Kava Banned Countries

NOTE: For a continuously updated list of kava kava's legal status around the world, look to our Kava - Worldwide Legal Status post on Makaira's Blog.  She updates it whenever something relevant is published.

There is a shrinking list of kava banned countries, and the United States, thankfully, is no longer one of them. One of the most surprising kava bans happens to be in the United States' closest northern neighbor, Canada. Canada is known for its open mindedness and often relaxed laws for many things, but kava has not been one of them.  There was a "stop sale" order issued in 2004 that prevents Canadian vendors from selling kava supplements to customers within Canada.

GREAT NEWS: We recently received a letter from the Natural Health Products Directorate that clearly states kava is NOT banned in Canada.  For an in-depth look, please look to our article, KAVA (NOT) BANNED IN CANADA.

What other countries are on the kava banned countries list? The only other major countries which have very unclear laws about whether or not kava is banned, controlled, illegal, or otherwise, are Britain (United Kingdom) and France. A few European countries have kava sale bans similar to the one in Canada, while other countries restrict the form in which kava can be sold. For instance, kava extract and supplements containing synthetic kavalactones cannot be sold in many EU member countries. However, customers living in European countries may be able to import kava for personal use; the rules differ by country, so we recommend you check with your country's Customs department.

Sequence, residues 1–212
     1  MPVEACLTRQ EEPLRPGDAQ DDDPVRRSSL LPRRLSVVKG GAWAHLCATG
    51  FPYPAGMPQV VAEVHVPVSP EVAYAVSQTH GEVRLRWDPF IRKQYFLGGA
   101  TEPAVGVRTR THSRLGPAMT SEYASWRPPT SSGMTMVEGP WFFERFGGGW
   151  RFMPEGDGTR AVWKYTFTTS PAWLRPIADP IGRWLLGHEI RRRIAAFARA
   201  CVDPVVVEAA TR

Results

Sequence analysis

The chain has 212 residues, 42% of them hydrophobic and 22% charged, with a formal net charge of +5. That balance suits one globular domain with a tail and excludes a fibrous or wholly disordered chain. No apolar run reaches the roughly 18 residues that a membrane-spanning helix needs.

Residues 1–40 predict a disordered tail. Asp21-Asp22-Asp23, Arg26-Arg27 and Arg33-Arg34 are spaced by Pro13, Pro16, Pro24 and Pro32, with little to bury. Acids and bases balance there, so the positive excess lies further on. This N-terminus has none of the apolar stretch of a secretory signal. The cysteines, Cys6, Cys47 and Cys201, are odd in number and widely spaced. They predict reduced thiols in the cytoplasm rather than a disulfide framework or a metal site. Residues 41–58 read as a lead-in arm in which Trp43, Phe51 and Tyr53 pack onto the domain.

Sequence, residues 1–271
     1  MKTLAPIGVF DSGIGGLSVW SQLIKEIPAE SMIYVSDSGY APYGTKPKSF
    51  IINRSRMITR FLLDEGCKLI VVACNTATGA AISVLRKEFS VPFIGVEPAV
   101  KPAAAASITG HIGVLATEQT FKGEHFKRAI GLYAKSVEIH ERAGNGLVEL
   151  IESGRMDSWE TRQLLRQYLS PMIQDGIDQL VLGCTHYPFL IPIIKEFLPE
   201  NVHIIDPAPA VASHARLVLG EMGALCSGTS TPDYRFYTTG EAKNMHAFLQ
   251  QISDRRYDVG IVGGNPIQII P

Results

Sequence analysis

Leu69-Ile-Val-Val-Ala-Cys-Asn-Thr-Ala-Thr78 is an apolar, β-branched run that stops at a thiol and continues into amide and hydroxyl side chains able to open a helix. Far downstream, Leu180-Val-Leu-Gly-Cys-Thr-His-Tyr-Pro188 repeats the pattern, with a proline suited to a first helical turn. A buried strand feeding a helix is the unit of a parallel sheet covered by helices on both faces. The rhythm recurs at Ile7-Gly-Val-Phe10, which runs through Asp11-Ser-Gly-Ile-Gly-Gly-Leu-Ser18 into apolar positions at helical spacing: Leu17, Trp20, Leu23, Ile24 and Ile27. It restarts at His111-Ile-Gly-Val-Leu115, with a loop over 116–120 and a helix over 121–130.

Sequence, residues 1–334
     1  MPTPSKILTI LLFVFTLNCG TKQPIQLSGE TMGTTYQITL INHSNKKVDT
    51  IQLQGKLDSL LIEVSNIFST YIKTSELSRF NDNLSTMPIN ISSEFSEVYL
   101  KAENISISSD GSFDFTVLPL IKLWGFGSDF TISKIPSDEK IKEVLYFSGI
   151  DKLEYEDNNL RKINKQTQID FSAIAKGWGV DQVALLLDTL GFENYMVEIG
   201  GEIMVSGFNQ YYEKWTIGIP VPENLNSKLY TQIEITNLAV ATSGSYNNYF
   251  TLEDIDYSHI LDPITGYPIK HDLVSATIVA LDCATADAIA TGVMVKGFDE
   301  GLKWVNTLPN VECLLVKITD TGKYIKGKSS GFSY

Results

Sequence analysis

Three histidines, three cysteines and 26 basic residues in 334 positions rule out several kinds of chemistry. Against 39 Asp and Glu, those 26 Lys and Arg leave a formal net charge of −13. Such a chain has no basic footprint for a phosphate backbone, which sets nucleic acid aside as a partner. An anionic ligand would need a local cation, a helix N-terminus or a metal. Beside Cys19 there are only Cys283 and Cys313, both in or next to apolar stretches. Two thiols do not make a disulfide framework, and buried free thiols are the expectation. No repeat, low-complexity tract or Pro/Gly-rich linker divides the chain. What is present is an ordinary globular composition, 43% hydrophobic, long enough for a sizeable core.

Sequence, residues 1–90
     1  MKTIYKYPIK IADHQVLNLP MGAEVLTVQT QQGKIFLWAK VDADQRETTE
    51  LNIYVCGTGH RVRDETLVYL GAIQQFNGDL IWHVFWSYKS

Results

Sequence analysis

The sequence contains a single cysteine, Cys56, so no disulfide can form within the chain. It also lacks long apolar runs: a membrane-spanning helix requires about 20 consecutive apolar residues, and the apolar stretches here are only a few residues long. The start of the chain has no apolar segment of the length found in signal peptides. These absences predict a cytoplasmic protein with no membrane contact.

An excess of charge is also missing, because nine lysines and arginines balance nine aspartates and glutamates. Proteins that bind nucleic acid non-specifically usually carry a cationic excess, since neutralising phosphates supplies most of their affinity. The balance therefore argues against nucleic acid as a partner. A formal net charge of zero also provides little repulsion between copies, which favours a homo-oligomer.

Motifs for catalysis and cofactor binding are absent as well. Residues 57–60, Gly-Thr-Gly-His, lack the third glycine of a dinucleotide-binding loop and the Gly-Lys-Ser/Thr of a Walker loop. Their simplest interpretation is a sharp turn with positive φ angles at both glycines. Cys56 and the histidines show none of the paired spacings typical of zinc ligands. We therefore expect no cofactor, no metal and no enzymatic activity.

Poland was the only European country we could find where kava was unequivocally banned. It is illegal to possess, sell, or cultivate kava in Poland. Norway and Sweden seem to consider kava a prescription medication, but they seem to consider anything that is herbal and has no specific law attached to it a prescription medication.  Germany banned kava in August of 2002, but they have since lifted the ban due to overwhelming evidence that their initial findings stating that it was unsafe were in error.

Full story is HERE.

Then there's Australia. We have had so many problems with importing things into Australia that we have added it to the kava banned countries list. According to officials in Australia, kava isn't illegal; it's simply regulated so they can track how much kava is coming into the country. Reportedly, one needs a license to import any of our products in Australia, but supposedly, it's simple for an individual to apply for and receive one. We don't have any specific information regarding such things because we have never applied for a license ourselves.

Australian Customs also allows individuals to bring up to 2 kilograms (about 4.5 pounds) of kava into the country, provided it is intended only for personal use. People importing a personal supply of kava into Australia must be at least 18 years of age, and cannot ship kava into the country separate from their luggage.

If you know of countries where kava is banned that we have not mentioned here, please keep us informed. We would like to have the most complete list on the net, but we can only do it with your help!